The Library’s collections contain a wealth of material concerning Lafayette’s activities in Virginia in the months that led up to the Battle of Yorktown.  He wrote often to Governor Thomas Nelson regarding the management of the army, his difficulties with county lieutenants, his desperate need for more troops, clothing and supplies, the movements of the enemy, and the arrival of French forces at Jamestown Island.  Lafayette’s letters have been digitized as part of the Library’s collection of Governor’s Letters Received, June 1776-November 1784.  They are available through a searchable database on our Virginia Memory website.

A costumed interpreter portrays an 18th-century sailor on the HERMIONE

In December 1781 Lafayette returned to France, where he worked closely with American emissaries Benjamin Franklin, John Adams, and John Jay to secure continued French support for the new American nation. His love for the United States continued, and he visited the country twice more. In 1784 he spent four months travelling around the United States and was granted honorary citizenship by the states of Maryland, Connecticut, and Virginia. He spent ten days visiting George Washington at Mount Vernon, and at Washington’s urging he spoke to policymakers wherever he went about the need for America to have a strong central government. His final trip to America was in 1824, at the invitation of Congress. Americans gave Lafayette a tumultuous welcome, holding lavish events in his honor wherever he went. Washington was no longer alive, but Lafayette made a visit to Monticello to visit the elderly Thomas Jefferson. When he returned to France, Lafayette took with him a $200,000 payment from Congress in thanks for his services to the cause of American liberty and a box filled with American soil.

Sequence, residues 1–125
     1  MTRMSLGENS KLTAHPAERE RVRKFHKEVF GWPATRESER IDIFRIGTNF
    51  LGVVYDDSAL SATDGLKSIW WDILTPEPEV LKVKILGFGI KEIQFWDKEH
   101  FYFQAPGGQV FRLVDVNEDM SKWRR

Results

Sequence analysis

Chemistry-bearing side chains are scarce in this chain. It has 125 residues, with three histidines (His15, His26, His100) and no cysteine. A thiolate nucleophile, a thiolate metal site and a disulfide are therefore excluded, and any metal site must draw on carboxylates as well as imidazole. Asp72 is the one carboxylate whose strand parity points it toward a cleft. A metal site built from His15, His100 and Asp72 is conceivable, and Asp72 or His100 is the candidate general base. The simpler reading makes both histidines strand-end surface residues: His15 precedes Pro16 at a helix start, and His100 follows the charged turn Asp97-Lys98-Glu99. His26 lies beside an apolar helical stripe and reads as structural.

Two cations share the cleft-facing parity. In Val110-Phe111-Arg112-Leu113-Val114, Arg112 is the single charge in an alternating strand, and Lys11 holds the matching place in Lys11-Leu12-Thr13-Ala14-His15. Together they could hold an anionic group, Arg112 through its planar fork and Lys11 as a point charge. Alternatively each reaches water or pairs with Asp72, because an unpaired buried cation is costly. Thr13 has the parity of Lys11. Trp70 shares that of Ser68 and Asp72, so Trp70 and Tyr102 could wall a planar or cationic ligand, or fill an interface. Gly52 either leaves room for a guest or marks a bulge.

The Library’s collections contain many materials documenting Lafayette’s last visit to the Commonwealth, including a letter from Thomas Jefferson to James Madison dated 1 November 1824, inviting Madison and his wife to Monticello to greet Lafayette (Acc. 21653, Personal Papers Collections).  The Auditor of Public Accounts Collection contains a marvelously detailed list of Virginia’s elaborate preparations for a grand celebration of Lafayette held at Yorktown on 19 October, the forty-third anniversary of the Battle of Yorktown. Expenses for the event included construction of a triumphal arch, two obelisks, an amphitheater, and a large marquee.  Other decorations consisted of transparencies, historical scenes painted on cloth and illuminated by candlelight. The vouchers in the auditor’s records show that large quantities of foodstuffs, beverages, china, cutlery, and even furniture were purchased for this event. The General Assembly passed an act on 25 January 1825, authorizing the state to assume the cost of the celebration, which totaled $10,178.04.

The ceremonies at Yorktown and Alexandria this June may not be quite so elaborate, but they will call to mind the important contributions of one of France’s – and America’s – most celebrated 18th century heroes.

Editor's Note

An active transcriber on our Making History : Transcribe site brought to our attention a recently transcribed Elizabeth City Co. freedom suit that references Lafayette’s 1824 American tour, which included a return to Yorktown. His discovery is a great reminder of the interconnectedness of history. Click on the image of the freedom suit to view the full document (plus the transcription), in DigiTool.

Sandra Treadway

Former Librarian of Virginia